Saturday, January 30, 2010

Exodus, Chapters 5 & 6

Chapter 5

This is pretty clearly a labour dispute, as far as I can see. Moses and Aaron are kind of primitive labour organizers, Pharaoh is a classic bully boss, the Egyptians are his minions, and the Israelites suffer.

Moses and Aaron arrive in Egypt and ask Pharaoh to let them take their people into the wilderness for a 3-day bush bash. Pharaoh says no because he doesn't believe in their god. I can't really say I blame him. If I was a boss, and my employees came along and said they needed 3 days off for a religious celebration that involved killing goats in the forest, I'd be like, sure, but you're using your vacation days and I don't want to know anything about it. They claim that if they don't get these 3 days, God is going to either send them a plague or kill them all, which is so not what God said to them in Midian. And all the bosses out there are like, if I had a nickel for every time I've heard that excuse for why an employee needs a long weekend, I tell you, I'd be rich. Pharaoh says no, and tells them to get back to work. He points out that the Israelites are pretty numerous, and a labour disruption of this magnitude will have economic ramifications, so no. He tells his line managers not to gather straw for the Israelites to make bricks with, because apparently they're all brick-layers, but also tells them not to let the Israelits slow down production as a result, or to have any sympathy when they whine about needing to sacrifice for their god. Pharaoh sounds like the 'Bully Boss' from a book I read recently about crazy higher-ups.

So the managers to out and repeat Pharaoh's instructions, and of course there's a disruption in the production cycle, and because they're crazy, they beat them, then ask why the Israelites aren't producing like normal. The Israelites take this up the chain of command and ask Pharaoh why he's being so unreasonable, and explain how the Egyptians are making them go gather the straw. But Pharaoh, being a crazy bully boss, says the problem is they're lazy, and to make up for lost time they can't have three days off. The Israelite supervisors leave, after realizing he's nuts and on the way out they meet Moses and Aaron. They bitch at them that now Pharaoh is angry and might kill them. Moses doesn't have an answer, so he asks god why he's allowing this evilness to happen to his people and remonstrating him for not fulfilling his promise. Ah, the classic problem of evil: if god is all good and all powerful, there ought not to be any evil in the world, right? So either god isn't all powerful, or he isn't all good. Of course, Jerry would wimp out here and only say god created humans with free will, and if they do evil, it's their own fault. But he doesn't even adress this, because he would rather spend half a page explaining how Pharaoh is a pagan, which we knew already.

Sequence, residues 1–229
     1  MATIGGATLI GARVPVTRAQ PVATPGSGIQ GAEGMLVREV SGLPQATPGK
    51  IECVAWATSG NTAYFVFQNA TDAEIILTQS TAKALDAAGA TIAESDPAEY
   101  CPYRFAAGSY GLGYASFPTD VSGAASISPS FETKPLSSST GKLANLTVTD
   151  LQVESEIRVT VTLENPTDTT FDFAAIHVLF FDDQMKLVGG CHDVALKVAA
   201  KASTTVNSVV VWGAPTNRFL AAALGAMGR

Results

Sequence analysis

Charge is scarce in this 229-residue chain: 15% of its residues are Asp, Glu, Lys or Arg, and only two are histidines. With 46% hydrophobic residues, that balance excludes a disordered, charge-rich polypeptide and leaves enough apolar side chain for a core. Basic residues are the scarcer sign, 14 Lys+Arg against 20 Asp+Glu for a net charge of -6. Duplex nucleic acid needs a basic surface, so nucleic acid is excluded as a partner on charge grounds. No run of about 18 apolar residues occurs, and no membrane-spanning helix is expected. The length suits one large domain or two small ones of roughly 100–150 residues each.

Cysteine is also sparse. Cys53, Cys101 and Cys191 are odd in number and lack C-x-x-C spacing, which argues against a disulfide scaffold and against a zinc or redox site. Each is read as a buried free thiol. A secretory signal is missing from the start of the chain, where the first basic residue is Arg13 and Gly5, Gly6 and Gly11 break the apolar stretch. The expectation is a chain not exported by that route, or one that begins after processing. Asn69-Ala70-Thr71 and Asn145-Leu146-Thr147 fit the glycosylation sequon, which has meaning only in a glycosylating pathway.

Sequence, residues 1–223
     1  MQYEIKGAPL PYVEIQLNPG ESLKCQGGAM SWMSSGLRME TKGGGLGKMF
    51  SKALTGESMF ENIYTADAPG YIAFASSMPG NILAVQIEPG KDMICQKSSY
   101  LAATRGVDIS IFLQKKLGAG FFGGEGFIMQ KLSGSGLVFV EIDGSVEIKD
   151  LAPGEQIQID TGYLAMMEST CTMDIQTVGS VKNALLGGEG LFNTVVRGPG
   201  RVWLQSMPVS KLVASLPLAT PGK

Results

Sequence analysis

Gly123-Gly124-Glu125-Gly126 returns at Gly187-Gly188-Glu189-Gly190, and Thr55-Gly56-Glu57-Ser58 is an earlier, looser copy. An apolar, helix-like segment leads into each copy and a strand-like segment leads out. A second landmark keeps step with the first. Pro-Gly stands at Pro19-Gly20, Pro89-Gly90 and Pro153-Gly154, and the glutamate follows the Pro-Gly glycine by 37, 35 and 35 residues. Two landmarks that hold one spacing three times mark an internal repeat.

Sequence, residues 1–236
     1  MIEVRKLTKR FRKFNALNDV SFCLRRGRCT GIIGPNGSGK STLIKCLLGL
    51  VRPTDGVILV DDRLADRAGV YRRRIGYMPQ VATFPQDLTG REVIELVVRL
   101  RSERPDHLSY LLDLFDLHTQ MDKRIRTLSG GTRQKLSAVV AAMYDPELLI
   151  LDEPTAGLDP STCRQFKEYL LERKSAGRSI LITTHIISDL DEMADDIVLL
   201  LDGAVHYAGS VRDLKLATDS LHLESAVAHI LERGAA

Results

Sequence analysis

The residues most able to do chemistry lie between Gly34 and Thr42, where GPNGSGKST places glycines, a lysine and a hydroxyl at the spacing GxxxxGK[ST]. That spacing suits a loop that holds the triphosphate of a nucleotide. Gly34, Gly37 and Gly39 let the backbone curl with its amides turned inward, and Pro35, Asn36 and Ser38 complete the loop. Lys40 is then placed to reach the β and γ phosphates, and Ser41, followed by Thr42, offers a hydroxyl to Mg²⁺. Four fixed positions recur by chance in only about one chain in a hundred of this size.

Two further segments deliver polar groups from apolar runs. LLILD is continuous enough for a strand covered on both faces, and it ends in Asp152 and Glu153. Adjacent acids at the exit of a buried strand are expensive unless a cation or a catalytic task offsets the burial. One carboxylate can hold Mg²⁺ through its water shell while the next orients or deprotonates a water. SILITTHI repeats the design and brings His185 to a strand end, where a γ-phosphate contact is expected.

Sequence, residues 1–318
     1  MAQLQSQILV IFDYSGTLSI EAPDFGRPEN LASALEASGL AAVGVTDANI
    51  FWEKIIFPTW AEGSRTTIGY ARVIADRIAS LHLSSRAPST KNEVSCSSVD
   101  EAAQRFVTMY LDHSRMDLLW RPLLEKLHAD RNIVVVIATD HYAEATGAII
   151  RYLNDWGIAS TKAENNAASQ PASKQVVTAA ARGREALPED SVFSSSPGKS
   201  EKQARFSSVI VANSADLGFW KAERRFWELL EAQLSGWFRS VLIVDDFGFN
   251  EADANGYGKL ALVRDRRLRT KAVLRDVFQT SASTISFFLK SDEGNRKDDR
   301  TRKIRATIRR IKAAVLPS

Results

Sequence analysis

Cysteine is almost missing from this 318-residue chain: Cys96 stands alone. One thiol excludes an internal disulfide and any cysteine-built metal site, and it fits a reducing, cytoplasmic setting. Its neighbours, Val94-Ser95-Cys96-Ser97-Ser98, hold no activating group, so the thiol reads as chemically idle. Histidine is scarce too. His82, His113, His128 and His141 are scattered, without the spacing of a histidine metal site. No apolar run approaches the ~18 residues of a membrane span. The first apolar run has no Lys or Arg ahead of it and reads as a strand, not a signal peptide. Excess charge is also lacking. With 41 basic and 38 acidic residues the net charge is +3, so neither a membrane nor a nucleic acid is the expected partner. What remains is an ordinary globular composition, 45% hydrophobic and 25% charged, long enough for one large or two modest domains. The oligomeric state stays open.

Chapter 6

God promises to fix Pharaoh, and reminds Moses of his covenant with the Israelites. He promises again to free them from the Egyptians and take them to Canaan. Moses tries again to convince the Israelites, but they aren't having it. God tells him to go to Pharaoh again, and Moses complains that his lack of speaking skills isn't leading to any results.

We then get yet another genealogy of the history of the Israelites since Jacob/Israel. We find out that despite god's decision in Genesis to limit the human life span to 120 years, Levi, Moses' father Amram, and Kohath, one of Levi's sons, all lived to be over 130. We also find out that Moses and Aaron's mother is also their father's aunt.

It all ends with god telling Moses once again to talk to Pharaoh.

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